For months, Columbus developer and businessman Chris Woodruff looked at the stump in the 1200 block of the Broadway.
Finally, in the decaying wood, he saw an opportunity to activate the space.
Wednesday afternoon, the community saw the results of that opportunity, a $200,000 pocket park funded by private donors in the median of a city block that is undergoing dramatic transformation.
The park was dedicated in a ceremony attended by more than 100 people.
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“This park is not about making money or who gets the credit,” Woodruff said. “This is not Chris Woodruff’s park and it’s not Uptown Columbus’ park. This is our park.”
The park was the brainchild of Woodruff, president of The Cotton Companies and it was done in cooperation with Uptown Columbus Inc.
The one dead oak has been replaced by six transplanted oaks in the 2,400-square-foot space. There are nearly three dozen red cubes that will seat one, two or even three people. There are also eight faux rocks that also serve as seats.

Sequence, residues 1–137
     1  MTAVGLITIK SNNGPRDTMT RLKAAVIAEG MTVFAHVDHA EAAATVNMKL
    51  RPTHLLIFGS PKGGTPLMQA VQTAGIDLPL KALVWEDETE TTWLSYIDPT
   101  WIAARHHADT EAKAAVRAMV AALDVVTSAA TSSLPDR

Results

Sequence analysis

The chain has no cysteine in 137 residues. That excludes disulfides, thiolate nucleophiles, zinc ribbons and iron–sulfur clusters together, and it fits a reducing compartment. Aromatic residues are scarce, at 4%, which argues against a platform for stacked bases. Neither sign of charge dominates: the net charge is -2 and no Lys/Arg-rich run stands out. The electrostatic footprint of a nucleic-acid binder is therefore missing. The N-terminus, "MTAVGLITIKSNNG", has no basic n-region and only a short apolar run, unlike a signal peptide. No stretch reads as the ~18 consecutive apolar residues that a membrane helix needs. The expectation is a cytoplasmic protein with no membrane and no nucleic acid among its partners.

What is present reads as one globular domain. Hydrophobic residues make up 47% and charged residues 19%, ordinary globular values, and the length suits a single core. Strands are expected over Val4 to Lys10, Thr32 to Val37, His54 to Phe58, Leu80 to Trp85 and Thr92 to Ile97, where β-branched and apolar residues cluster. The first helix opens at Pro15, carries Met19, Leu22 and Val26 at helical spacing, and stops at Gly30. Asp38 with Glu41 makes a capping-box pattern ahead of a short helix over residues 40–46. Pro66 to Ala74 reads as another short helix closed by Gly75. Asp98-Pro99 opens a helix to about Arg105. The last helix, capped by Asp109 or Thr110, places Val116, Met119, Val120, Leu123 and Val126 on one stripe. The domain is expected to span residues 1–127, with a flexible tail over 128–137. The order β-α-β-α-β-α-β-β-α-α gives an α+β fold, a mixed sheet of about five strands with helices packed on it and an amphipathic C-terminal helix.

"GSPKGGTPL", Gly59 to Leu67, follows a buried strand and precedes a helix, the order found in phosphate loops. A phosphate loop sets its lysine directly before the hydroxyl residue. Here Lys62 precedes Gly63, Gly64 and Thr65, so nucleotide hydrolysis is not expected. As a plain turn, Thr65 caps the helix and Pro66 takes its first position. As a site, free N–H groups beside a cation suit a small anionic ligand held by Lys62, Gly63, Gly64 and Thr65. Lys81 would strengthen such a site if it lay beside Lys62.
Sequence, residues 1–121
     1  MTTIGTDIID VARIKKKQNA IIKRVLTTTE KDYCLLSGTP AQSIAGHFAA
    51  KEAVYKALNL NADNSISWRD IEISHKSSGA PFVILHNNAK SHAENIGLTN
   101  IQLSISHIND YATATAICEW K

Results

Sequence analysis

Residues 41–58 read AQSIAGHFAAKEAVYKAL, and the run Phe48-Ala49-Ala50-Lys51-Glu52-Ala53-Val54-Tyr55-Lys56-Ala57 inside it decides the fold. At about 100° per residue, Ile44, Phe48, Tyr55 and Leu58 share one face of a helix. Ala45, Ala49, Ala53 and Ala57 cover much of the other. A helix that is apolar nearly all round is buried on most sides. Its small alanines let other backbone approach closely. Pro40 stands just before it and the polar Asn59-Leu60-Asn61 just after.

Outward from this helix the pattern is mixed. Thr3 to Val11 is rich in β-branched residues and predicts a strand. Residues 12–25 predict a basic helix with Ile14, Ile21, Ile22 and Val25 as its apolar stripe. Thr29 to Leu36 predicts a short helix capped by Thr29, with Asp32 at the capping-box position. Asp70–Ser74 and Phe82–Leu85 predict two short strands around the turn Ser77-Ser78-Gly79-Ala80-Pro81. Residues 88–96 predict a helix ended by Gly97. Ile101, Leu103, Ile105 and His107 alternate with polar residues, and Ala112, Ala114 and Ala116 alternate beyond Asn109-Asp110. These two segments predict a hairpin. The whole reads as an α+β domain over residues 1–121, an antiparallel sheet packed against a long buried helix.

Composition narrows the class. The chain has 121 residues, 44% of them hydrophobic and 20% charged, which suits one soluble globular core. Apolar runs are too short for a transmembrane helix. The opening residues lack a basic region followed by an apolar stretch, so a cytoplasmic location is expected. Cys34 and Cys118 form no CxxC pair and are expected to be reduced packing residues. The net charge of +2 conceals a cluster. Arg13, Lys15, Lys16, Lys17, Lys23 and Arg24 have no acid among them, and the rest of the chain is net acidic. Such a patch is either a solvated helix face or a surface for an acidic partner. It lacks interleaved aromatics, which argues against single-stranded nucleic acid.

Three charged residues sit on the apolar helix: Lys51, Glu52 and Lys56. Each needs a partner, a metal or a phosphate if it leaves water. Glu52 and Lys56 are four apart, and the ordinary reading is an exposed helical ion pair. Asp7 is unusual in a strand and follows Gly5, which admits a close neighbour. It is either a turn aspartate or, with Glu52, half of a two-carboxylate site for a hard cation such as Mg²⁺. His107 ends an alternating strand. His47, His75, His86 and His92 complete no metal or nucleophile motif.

It is all about connectivity, Woodruff said.
“This park is about bringing people together,” he said. “That is what we are celebrating today. We’re celebrating connectivity.”
Uptown Columbus Chairman Reynold Bickerstaff, who has known Woodruff most of his life, praised his friend.
“This is not a normal construction project,” Bickerstaff said. “And to see that through and carry on takes discipline, passion and general love for community. I am proud to call Chris my friend, but also a friend of Uptown Columbus.”
The project had been in the planning phase for nearly two years.
Last month, six large swamp white oak trees were planted in a new park, replacing the the oak that had to removed. The nine-year-old trees are more than 7 inches in diameter and weigh about 7,500 pounds each.
In addition to The Cotton Companies and Uptown Columbus Inc., Bruce Tile Company, Barnes/Gibson/Parnters, Alexander Electric, Trees Columbus, the city of Columbus, Columbus Water Works, Georgia Power Co., Cut Above and others have participated in the effort.